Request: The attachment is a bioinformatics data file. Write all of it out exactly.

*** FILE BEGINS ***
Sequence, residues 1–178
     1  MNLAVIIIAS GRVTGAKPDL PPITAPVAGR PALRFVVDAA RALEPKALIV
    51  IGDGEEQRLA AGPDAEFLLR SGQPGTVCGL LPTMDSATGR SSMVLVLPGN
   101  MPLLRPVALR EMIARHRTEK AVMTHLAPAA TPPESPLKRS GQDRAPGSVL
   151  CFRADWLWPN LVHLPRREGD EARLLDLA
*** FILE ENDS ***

Sequence, residues 1–178
     1  MNLAVIIIAS GRVTGAKPDL PPITAPVAGR PALRFVVDAA RALEPKALIV
    51  IGDGEEQRLA AGPDAEFLLR SGQPGTVCGL LPTMDSATGR SSMVLVLPGN
   101  MPLLRPVALR EMIARHRTEK AVMTHLAPAA TPPESPLKRS GQDRAPGSVL
   151  CFRADWLWPN LVHLPRREGD EARLLDLA